Scientists at UCLA’s Jonsson Comprehensive Cancer Center have demonstrated how viruses reprogram the metabolism of the cells they invade to promote continued viral growth within an organism. The findings could have implications for cancer treatments based on similarities between viruses and cancer-cell mechanisms and may even lead to drugs that could inhibit the virus that causes the common cold, the scientists say.
|Adenovirus breaches a host cell’s outer defenses
to reach the nucleus and reprogram the cell’s
IIllustration: Jessica Byrne
Previous research has shown that when normal cells become cancer cells, they are reprogrammed to act in certain ways that are very similar to virus-infected cells; the cells change their metabolism to support the maintenance and reproduction — and thus the spread — of the cancer. “In our laboratory, we’ve always been interested in how cancer cells acquire metabolic changes, compared to normal cells,” says Assistant Professor of Molecular and Medical Pharmacology Heather Christofk, PhD. “We decided to look at viruses and how they change the metabolism of cells they invade, because we thought they might be using mechanisms similar to those in cancer cells and that there might be some crossover in the way the mechanisms work.”
The researchers discovered that the adenovirus — the type of virus that causes the common cold — reprograms the cell it invades to be able to take on more glucose, an important nutrient for cells and viruses. The virus also instructs the cell to increase its use of the glucose to create energy and grow larger. These metabolic alterations enable the virus to begin replicating inside the cell.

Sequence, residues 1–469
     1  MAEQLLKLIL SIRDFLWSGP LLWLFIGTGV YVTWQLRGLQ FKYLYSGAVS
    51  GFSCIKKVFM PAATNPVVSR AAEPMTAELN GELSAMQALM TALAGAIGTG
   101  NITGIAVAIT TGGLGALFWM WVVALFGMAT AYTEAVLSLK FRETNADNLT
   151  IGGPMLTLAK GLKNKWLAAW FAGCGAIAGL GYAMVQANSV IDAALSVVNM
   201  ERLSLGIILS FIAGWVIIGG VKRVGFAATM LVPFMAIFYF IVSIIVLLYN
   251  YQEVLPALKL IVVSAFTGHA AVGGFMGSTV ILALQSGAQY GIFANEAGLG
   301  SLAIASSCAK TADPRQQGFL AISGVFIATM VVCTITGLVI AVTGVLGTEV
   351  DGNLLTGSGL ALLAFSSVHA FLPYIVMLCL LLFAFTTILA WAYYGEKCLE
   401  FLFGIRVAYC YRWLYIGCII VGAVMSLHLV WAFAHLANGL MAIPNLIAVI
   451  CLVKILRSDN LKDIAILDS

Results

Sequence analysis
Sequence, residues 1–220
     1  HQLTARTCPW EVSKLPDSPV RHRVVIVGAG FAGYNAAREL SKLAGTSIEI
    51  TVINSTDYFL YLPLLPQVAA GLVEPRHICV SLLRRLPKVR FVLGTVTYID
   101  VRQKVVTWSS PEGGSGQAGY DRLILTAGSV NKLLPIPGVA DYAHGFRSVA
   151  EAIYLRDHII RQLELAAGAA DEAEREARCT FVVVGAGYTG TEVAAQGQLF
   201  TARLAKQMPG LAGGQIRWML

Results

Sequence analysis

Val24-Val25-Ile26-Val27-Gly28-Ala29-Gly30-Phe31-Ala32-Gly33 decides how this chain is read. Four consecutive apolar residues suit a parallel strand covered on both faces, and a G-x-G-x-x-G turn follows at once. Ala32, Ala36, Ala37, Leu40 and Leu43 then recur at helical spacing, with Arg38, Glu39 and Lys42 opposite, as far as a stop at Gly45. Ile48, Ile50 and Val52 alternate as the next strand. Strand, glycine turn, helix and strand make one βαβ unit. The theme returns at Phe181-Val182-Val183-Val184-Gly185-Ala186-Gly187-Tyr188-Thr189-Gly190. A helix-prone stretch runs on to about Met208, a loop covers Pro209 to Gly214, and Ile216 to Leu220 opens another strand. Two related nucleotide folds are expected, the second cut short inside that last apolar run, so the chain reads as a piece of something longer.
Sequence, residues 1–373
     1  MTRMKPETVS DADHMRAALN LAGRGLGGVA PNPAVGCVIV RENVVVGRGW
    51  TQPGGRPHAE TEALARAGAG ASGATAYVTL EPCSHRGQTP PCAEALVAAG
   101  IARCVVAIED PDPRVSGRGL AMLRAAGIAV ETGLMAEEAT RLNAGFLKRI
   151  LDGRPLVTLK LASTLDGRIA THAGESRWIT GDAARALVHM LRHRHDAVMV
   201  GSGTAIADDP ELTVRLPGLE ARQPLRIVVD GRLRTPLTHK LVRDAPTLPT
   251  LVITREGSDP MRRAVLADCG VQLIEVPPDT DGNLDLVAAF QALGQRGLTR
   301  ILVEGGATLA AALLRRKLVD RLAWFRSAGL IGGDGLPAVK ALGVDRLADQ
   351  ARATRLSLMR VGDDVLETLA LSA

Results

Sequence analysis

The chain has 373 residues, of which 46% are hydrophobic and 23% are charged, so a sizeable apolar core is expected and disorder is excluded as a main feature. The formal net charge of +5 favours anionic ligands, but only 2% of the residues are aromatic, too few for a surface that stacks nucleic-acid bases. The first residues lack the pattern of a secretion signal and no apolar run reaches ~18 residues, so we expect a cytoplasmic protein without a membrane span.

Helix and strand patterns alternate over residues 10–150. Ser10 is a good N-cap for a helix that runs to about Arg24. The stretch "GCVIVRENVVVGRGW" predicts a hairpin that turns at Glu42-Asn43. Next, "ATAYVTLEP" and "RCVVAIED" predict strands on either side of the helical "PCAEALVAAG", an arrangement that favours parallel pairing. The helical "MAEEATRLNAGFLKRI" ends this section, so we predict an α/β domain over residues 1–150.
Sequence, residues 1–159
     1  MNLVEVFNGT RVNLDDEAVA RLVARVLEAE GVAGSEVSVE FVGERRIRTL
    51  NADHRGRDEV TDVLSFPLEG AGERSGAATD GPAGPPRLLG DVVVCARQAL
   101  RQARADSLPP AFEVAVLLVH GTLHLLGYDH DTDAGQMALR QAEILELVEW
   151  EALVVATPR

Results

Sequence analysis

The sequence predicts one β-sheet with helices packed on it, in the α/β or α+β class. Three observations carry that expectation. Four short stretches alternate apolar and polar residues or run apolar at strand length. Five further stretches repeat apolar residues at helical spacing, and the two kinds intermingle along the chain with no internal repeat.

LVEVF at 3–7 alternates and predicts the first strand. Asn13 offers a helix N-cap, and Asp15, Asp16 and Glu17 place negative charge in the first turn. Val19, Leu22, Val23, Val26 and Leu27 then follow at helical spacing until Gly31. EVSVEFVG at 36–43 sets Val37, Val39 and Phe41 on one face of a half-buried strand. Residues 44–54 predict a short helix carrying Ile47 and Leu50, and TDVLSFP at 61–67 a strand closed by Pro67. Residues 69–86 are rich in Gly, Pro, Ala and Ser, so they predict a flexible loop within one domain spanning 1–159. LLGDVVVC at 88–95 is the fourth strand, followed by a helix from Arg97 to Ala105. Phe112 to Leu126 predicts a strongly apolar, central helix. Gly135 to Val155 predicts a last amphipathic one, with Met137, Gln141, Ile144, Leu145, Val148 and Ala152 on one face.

“With this knowledge, we hope to begin designing drugs that can inhibit the increased glucose uptake in these cells,” says postdoctoral scholar Minh Thai, co-researcher on the project. “This could lead to drugs that stop the growth of viral infections, the most common being cold or flu, but also meningitis or some types of pneumonia. Then it might be possible to use the same kind of drug to stop the growth of cancer cells.”
“Adenovirus E4ORF1-Induced MYC Activation Promotes Host Cell Anabolic Glucose Metabolism and Virus Replication,” Cell Metabolism, April 1, 2014